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The Rediff Special/Sheela Bhatt in New Delhi
Soren has eyes set on Jharkhand assembly
July 28, 2004
Jharkhand Mukti Morcha president Shibu Soren, in hiding for over a week now dodging a non-bailable arrest warrant issued by a court in Jamtara, Jharkhand, has his eyes set firmly on the state assembly election due in February.
Soren's resignation letter delivered to Prime Minister Manmohan Singh by his party colleagues on July 24 gave enough indication of this, as also of his determination to make the Chirudih massacre of 1975, in which he is facing arrest, an election issue.
According to JMM sources, Soren, who is "somewhere in the jungles of south Jharkhand on the state's border with Orissa," has made up his mind to appear in public only after the high court delivers an order on his petition seeking the quashing of the arrest warrant issued on July 17.
This is not the first time the JMM leader has played hide-and-seek with the law.
He was one of the main accused in the JMM MPs bribery scandal of 1993. He knows, and so do his rivals, that the arrest warrant and his run from the law can in no way damage his party's chances in the assembly election. If anything, it will only benefit him.
After the violence in Chirudih, in which 10 people were killed, Soren won the Dumka Lok Sabha seat five times.
Jharkhand is Shibu Soren's real battle.
The JMM leader, who helmed Jharkhand's struggle for statehood, cannot get over the fact that his party did not gain power when the new state was finally formed late in 2000.
February 2005 may be just the right time to change that.
A source in the Union government told rediff.com, "Soren's letter of resignation in Hindi indicates clearly his next moves."
Soren wrote to the prime minister: 'Main high court mein apni appeal per faisle ka intezaar kar raha tha, per sarkar ke rajnaitik pareshani se mera man dukhi hain.' (I am waiting for the high court decision [on his plea to quash the arrest warrant], but I am pained by the political headache this controversy has become for your government.)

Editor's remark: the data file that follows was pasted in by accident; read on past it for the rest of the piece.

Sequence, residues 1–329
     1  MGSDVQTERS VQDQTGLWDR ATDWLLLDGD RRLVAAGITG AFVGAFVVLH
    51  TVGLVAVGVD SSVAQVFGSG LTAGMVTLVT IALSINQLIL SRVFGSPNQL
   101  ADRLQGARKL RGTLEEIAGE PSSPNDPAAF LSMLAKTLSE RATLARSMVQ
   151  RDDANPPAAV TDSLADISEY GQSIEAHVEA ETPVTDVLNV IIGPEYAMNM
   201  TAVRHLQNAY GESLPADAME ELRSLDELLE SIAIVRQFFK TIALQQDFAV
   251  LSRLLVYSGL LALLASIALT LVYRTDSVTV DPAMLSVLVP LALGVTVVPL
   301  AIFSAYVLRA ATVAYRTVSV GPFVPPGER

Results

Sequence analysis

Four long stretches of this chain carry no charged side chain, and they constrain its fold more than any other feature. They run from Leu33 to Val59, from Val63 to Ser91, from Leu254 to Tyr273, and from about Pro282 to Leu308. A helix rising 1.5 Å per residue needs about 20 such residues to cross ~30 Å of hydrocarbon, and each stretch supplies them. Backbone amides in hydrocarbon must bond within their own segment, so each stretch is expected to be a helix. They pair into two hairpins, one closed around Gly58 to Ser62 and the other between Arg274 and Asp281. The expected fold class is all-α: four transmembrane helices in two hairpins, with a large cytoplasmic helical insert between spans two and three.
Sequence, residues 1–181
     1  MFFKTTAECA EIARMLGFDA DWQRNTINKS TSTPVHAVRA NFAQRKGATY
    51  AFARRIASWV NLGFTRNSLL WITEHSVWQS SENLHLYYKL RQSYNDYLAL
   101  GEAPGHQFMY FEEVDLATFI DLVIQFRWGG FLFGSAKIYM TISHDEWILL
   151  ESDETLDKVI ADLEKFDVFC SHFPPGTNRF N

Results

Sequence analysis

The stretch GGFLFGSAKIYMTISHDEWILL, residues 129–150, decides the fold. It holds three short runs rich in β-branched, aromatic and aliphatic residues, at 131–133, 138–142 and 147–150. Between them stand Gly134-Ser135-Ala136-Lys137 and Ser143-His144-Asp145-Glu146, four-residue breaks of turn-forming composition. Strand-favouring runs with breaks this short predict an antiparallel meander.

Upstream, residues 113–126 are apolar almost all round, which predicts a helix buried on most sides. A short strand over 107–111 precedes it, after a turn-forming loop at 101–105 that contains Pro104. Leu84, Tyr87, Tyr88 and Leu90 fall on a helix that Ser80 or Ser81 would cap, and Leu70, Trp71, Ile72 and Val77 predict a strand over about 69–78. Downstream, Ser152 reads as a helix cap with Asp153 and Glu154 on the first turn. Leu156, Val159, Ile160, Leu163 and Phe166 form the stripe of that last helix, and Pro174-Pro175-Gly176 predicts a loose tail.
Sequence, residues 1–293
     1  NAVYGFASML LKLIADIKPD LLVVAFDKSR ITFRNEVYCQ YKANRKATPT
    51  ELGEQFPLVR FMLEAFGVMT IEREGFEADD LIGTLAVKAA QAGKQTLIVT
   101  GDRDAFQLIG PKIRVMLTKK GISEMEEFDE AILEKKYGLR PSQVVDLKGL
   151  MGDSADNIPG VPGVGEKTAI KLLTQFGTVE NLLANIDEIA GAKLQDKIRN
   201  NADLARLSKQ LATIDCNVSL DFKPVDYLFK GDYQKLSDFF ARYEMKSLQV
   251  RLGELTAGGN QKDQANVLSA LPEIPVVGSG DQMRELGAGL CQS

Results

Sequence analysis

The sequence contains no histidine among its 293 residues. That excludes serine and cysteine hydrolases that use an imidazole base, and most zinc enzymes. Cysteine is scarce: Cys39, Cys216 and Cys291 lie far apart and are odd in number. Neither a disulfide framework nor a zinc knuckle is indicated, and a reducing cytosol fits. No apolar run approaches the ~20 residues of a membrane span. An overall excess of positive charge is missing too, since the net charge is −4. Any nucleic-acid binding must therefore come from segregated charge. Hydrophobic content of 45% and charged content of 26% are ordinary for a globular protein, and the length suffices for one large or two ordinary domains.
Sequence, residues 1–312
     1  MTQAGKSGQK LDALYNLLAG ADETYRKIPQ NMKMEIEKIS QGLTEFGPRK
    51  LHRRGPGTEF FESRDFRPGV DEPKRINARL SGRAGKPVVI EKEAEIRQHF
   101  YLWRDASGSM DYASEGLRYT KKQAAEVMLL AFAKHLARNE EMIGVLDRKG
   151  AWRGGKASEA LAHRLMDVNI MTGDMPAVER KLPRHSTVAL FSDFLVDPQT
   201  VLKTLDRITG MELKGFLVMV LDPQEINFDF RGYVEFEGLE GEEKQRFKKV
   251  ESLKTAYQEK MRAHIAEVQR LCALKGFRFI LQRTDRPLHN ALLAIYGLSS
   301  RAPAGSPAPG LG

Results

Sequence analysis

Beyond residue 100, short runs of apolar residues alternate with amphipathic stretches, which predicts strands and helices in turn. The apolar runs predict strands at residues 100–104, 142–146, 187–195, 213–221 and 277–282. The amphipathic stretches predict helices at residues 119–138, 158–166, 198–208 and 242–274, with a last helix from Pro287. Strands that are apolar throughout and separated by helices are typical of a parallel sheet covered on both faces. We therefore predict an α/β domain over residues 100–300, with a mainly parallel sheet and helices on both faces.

'Ab maine Jharkhand ki janata ke beech jakar rajnaitik sangharsh karne ka nirnay kiya hain.' (Now I have decided to wage my political struggle at the grassroots level in Jharkhand.)
Though the prime minister must have felt relieved when he received Soren's letter, his party surely knew what it means for it in Jharkhand.
A stronger Shibu Soren will mean smaller space for the Congress on Jharkhand's political stage.
The Congress will have to go with the JMM and the Leftists in the assembly election, in all probability in a pre-poll alliance. Alone, the Congress leaders know, they do not stand a chance against the ruling Bharatiya Janata Party and its allies.
Congressmen are also aware that the uproar in the media over the Chirudih massacre will only serve to strengthen Soren's position in his constituency of tribals.
Soren did not bargain for the delay in the high court taking up his petition. He was forced to put in his papers after the Opposition stepped up the heat on Manmohan Singh's government.
Another reason he wanted an honourable exit is because he does not want his chances of grabbing the chief minister's post in February ruined by a technicality. The case dragging on for a few years more does not bother him. It only reinforces his position as a messiah of the tribals.
Among his followers, the Chirudih incident is known as a fight for tribal rights. Soren remains the much revered Guruji to his supporters.
The Congress believes the anti-incumbency factor will work against the BJP in the next assembly election. But it will need Soren's support to dislodge the Arjun Munda government.
Soren knows the challenge to his party comes from BJP and the challenge to his leadership is from the Congress. Hiding in the jungles of Jharkhand, he must be happy that in some ways he may have already neutralised the second challenge.